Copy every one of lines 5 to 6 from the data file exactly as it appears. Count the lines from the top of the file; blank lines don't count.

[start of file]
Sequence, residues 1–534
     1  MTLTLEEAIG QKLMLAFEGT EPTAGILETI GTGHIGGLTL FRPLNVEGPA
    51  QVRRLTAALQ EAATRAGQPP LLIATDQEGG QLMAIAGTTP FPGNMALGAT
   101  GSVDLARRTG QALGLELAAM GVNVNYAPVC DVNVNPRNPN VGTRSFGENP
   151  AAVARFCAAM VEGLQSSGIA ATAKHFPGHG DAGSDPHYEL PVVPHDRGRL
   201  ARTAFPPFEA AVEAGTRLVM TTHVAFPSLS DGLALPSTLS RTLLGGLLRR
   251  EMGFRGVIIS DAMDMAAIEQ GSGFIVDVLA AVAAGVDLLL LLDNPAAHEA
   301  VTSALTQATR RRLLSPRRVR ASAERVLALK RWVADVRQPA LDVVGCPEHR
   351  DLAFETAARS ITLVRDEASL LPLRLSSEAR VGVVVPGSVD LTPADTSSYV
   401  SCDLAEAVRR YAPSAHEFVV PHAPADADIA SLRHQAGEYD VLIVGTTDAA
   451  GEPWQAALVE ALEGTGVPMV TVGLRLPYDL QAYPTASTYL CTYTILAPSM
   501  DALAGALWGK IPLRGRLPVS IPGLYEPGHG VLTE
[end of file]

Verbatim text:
   151  AAVARFCAAM VEGLQSSGIA ATAKHFPGHG DAGSDPHYEL PVVPHDRGRL
   201  ARTAFPPFEA AVEAGTRLVM TTHVAFPSLS DGLALPSTLS RTLLGGLLRR